Friday, August 08, 2014

Eli's post

Wednesday August 6, 2014   

Greetings. This is Ely here, Harvin’s nephew. I am 16,  traveling to Rwanda for my first time, and am guest blogging our day here.

We started this wild day with a beautiful sunrise hike to the top of a “mountain” just a quarter of a mile away from New Hope Homes. The little ones were unable to come with us on our valiant quest to the top of the mountain which I was a little disappointed about, but after an hour long hike I knew why. The mountain was rather steep, narrow and had many curves which the little ones would not be able to handle. However, Donna was able to make it to the top and back down with her bad knee because she cherishes the smiles of the kids from New Hope Homes and wanted to be at the top to take photos of them. On our way up we saw many brick buildings that had at most 1 or 2 rooms. It was very sad seeing how these families lived and I wished I could do something for them all. Upon reaching the summit we found raspberry/strawberry looking things which were splendid. We stayed up top for awhile just sitting in silence listening to the kids and enjoying the scenery. After many photos and laughs we headed back down and halfway I saw one of the most amazing things ever. A woman had 4 bricks at least 10 pounds on her head walking down the mountain. We got Nshimeye our artist/professional photographer to snap a photo.
            When we got back home we eat their porridge and then I played with a group of the little ones on the trampoline, which we all find very fun. After awhile Donna, Harvin, Franny and I went to a pizza restaurant called Volcano Pizza with Norbert and his family. Now when people go to a restaurant in America they expect to be there for two hours at most. However, that is not the case in Rwanda. We ate a 3 or more hour lunch because we felt very obligated to continue conversing with our guests and it is rather rude to rush your departure in Rwanda. Don’t take this the wrong way though. We all love Norbert and it was a pleasure to meet his family for the first time (especially Norbert’s cute baby nephew). After our lunch we drove over to the church and began our new expedition.

            Our group of four was in a van on the backside of the church at sundown with people walking by counting out 700,000 Rwandan francs and a few US hundred dollar bills for Norbert’s flight back to America. This was no easy task. Every franc was a 2,000 bill (about $3) because Donna wanted to finally dispose of them after years of being forced to exchange money for small bills and gathering more and more. We started just counting them out and more often than not losing track of what number we were on, causing us to start all over again. Then out of the blue Harvin came up with a brilliant idea to count out 10 francs and fold the tenth around the other 9 to hold them. After we finished our counting we walked into the dark church with literally ‘a block of francs’. We had a little confusion of where to go but finally made it to Milly, a very nice lady who had actually quit her high paying job at Compassion in Kigali to come and be Bishop’s assistant in the church. Then we drove to get gas and air for the van, but there was a complication that we have been dealing with a lot. Very few here know English well, so Harvin did some odd gestures and they soon figured it out.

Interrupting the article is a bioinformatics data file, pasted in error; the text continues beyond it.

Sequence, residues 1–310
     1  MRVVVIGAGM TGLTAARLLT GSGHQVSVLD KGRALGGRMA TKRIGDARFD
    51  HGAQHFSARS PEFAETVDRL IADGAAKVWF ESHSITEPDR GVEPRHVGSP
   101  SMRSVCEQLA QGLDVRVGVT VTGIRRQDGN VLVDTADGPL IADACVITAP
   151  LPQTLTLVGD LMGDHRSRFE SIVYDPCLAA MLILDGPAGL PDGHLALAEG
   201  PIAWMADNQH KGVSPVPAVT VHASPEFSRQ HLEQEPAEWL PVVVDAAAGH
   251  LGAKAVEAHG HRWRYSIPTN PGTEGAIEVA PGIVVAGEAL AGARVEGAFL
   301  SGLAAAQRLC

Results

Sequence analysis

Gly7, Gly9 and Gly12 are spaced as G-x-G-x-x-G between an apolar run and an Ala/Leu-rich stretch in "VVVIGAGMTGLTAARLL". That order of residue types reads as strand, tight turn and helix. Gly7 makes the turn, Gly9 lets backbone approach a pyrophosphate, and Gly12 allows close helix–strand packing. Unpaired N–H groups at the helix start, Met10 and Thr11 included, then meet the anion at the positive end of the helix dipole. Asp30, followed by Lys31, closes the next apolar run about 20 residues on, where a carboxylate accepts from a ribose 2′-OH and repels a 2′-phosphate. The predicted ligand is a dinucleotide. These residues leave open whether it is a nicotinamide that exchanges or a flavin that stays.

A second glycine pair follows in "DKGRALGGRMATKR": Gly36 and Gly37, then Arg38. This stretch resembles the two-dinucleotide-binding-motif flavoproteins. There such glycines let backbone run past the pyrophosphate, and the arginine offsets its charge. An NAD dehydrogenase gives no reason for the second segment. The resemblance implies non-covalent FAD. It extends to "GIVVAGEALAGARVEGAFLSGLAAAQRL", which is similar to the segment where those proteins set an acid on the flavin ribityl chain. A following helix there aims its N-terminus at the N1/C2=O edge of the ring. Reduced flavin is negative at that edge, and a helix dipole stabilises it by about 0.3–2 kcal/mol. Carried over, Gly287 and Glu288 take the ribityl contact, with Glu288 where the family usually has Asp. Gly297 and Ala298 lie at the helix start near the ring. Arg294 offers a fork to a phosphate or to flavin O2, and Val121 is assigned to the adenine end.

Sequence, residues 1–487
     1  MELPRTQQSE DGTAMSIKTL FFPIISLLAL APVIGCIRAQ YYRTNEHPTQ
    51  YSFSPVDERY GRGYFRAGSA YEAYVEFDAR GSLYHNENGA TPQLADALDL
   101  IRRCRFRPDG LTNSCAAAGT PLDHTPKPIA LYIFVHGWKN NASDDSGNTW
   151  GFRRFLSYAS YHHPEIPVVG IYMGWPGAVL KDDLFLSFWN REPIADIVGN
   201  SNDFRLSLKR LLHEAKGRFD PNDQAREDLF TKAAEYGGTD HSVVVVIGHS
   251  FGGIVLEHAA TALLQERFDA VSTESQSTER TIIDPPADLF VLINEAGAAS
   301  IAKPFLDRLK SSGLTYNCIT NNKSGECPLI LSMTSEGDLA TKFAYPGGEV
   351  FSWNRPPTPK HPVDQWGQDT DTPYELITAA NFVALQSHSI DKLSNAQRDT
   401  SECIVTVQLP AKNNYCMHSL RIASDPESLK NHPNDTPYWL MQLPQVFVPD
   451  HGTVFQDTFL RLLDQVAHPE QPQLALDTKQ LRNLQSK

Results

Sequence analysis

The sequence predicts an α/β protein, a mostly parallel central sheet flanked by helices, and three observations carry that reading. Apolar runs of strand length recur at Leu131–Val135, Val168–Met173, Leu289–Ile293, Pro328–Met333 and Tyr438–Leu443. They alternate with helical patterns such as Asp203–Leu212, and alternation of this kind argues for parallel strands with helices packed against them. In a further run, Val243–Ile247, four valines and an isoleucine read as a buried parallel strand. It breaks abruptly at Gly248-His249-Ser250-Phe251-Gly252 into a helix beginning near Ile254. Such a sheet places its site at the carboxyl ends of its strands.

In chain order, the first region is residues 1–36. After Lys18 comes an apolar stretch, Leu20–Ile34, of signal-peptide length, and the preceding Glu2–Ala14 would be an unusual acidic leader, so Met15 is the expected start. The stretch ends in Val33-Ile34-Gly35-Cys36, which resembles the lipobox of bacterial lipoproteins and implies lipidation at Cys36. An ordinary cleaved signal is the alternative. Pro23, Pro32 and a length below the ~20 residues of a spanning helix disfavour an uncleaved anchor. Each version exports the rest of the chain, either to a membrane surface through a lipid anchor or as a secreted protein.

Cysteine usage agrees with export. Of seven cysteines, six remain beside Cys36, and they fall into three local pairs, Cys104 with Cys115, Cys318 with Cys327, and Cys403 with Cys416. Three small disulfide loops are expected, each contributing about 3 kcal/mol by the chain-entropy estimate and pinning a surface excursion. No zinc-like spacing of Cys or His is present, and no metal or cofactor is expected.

Then it came, the most chaotic moment all week…  Thank you notes. I thought it would be done very soon and we could move on, but I was very wrong. Many of the beloved little ones wrote on already finished thank you notes and they needed to redo them. Others needed help with sponsor names and spelling. However, the effort of all the kids was wonderful. They all wanted to do the best they could and return what they could to their sponsors.

            I have personally seen all the joyful faces when they open their backpacks to see what they get for the year. Whether it be school fees, clothes, or some other form of support for these kids I would like to thank you for all you have done. It really means a lot to the kids.



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